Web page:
Asia's richest woman lost more than half her fortune in China's property crunch

In Hong Kong (CNN Business) According to the Bloomberg Billionaires Index, Yang Huiyan, the richest woman in Asia, has seen her wealth decline to $11 billion from almost $24 billion this year as China's real estate crisis worsens.

The 41-year-old is in charge of Country Garden Holdings, the biggest sales-based developer of real estate in China. Her father Yang Guoqiang, who launched the business in Foshan, Guangdong province, in 1992, passed most of his ownership interest to her.

As the nation's real estate industry has faced with declining property prices, waning buyer demand, and a debt default crisis that has enveloped some of its top developers since last year, Country Garden's stock has lost more than half of its value this year.

According to the Bloomberg Billionaires Index, Yang is still the wealthiest woman in Asia despite losing more than half of her money. Due to the sharp decline in her net worth, Yang is now just around $100 million behind Fan Hongwei in terms of fortune, who is a fellow female billionaire in China. Fan is a manufacturer of chemical fibers and chairs Hengli Petrochemical.

That is the result of China's property mess.

Following months of financial problems, Evergrande, China's most indebted real estate company, missed payments on its US dollar bonds in December. Since then, a number of other significant developers have also requested protection from creditors, including Kaisa and Shimao Group.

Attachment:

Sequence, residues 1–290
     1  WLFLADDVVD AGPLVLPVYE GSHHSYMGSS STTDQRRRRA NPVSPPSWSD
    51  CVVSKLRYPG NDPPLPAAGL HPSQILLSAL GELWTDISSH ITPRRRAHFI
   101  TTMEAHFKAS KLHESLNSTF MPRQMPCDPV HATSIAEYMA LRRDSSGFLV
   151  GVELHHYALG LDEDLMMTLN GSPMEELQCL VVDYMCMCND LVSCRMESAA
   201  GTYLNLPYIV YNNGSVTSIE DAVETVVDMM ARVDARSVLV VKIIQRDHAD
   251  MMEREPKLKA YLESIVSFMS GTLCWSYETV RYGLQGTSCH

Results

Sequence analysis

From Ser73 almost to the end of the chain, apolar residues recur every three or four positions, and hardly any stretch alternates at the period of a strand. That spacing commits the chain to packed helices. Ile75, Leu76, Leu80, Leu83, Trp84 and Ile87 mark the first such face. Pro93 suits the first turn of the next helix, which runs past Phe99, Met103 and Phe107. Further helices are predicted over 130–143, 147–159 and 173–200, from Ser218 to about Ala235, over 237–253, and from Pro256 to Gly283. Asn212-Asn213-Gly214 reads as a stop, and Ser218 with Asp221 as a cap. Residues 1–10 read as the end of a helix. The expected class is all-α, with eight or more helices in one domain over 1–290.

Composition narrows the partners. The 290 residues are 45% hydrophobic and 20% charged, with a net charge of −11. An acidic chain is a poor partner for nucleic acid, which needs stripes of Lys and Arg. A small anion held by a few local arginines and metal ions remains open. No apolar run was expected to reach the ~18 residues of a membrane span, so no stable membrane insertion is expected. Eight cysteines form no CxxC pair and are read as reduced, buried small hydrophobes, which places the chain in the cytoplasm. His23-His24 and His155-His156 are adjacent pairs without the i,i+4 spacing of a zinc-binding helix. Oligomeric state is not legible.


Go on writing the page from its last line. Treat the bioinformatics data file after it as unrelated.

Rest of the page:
The housing problem has become worse recently as hundreds of irate homeowners who put down payments on incomplete houses threatened to quit making mortgage payments if construction wasn't finished on schedule.

A developing cash crisis is also affecting Country Garden. The developer stated on Wednesday that it will sell shares at a nearly 13% discount to the closing price on Tuesday in order to generate HK$2.83 billion ($361 million).

The company's offshore debt would be partially repaid with some of the earnings, it was noted.

The housing market and developers are both under threat from the mortgage boycotts, according to a research released on Wednesday by Capital Economics experts.

They have brought up the issue of cash-strapped developers failing to finish houses that they have previously sold, which is "deterring potential homebuyers." Banks are now becoming more selective when giving mortgages as a result of the boycotts, which might further dampen real estate sales, they warned.

S&P Global Ratings predicted earlier this week that due to mortgage strikes, China's real estate sales will decline by a third this year. This is because customers are worried that developers won't be able to finish presold apartments in time, which is how most homes are sold there.

According to researchers at Capital Economics, "many more developers will fail without sales, which is both a financial and an economic concern."